Listening can be both a solitary and a communal activity. Likewise, creating music can be private or collaborative. Can you talk about your preferences in this regard and how these constellations influence creative results?
I think there is a place for both. Dua was a very solitary album because I was home-bound for a while and I needed that solitude to heal.
However, with my other project Villette, I decided to jam with a good friend without any prior plans, we got into my studio with both our gear and had the best time together. We absolutely loved what came out of the collab too, which we will soon release.
When I personally get along with the other person and have a level of trust, I get the best results. I find remote collabs much less fun than actually getting in a room and jamming together with someone else.
How do your work and your creativity relate to the world and what is the role of music in society?
This is a grand question. Music is an integral part of society. It can be a catalyst for change. It can be a healing tool. It can be so much.
With Dua, I wanted to create soothing, healing sounds that helped me too. With the upcoming Séma EP, I want to take the listener on a meditative, mystical journey and introduce them to a sound world that is not at the forefront of Western media.
Art can be a way of dealing with the big topics in life: Life, loss, death, love, pain, and many more. In which way and on which occasions has music – both your own or that of others - contributed to your understanding of these questions?
I don’t know how I would have dealt with my recovery if it were not for the process of making Dua. I have also witnessed my boyfriend lock himself up in his studio, making an album day and night while grieving a tragic loss in his family. I saw how music became a healing tool first-hand on both occasions. To me, it is as essential as clean air.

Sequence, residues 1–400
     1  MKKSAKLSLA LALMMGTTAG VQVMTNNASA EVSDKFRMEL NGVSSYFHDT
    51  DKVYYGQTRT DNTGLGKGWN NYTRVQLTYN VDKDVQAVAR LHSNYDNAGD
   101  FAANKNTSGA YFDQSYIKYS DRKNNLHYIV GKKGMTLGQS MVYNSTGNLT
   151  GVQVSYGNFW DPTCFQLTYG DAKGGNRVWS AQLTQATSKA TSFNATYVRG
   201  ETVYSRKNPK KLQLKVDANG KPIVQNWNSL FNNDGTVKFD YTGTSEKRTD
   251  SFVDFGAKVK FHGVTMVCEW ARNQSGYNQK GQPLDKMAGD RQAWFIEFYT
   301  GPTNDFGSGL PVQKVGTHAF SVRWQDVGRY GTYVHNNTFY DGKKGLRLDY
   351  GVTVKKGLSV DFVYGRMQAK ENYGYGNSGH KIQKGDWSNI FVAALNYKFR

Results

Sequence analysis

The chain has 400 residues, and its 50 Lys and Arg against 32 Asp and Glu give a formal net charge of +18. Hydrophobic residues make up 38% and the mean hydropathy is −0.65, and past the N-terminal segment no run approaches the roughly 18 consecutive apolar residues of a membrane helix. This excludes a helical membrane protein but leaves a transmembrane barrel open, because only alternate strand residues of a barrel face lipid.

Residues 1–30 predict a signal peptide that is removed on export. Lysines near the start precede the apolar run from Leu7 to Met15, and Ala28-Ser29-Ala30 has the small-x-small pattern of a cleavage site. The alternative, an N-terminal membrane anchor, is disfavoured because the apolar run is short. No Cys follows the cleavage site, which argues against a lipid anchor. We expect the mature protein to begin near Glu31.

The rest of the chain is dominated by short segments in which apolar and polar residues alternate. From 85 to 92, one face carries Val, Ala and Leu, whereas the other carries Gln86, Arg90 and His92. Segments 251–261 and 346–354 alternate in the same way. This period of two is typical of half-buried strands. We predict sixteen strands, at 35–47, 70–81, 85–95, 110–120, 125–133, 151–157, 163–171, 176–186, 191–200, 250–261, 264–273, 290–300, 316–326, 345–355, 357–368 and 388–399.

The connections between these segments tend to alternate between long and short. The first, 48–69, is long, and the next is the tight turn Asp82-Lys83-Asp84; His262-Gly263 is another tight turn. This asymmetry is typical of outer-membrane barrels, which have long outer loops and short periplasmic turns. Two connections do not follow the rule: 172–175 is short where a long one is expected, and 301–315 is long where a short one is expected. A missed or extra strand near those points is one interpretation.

Art and Mourning: The role of creativity in healing trauma and loss by Esther Dreifuss-Kattan is next on my reading list to better understand the power of artistic expression in transforming loss and trauma into survival.
How do you see the connection between music and science and what can these two fields reveal about each other?
Music is scientific, isn’t it? You could look at sheet music like a mathematical equation if you wanted. Synthesis is science, it’s physics.
There is a whole field that is called sound engineering. Science and music are intrinsically linked to each other.
Creativity can reach many different corners of our lives. Do you feel as though writing or performing a piece of music is inherently different from something like making a great cup of coffee? What do you express through music that you couldn't or wouldn't in more 'mundane' tasks?
For me, making music is incomparable. But it is possible to bring creativity to anything we do.
Add a bit of cinnamon to a cup of coffee, make beautiful foam art on top and there you go, it becomes a creative endeavour. Colour and style your hair in an extraordinary way and there you have hair art. Paint your nails like a painter and there you have nail art.
Music is vibration in the air, captured by our ear drums. From your perspective as a creator and listener, do you have an explanation how it able to transmit such diverse and potentially deep messages?
I will have to point you towards Daniel J. Levitin’s fascinating book This is Your Brain on Music for a much better explanation than what I can give.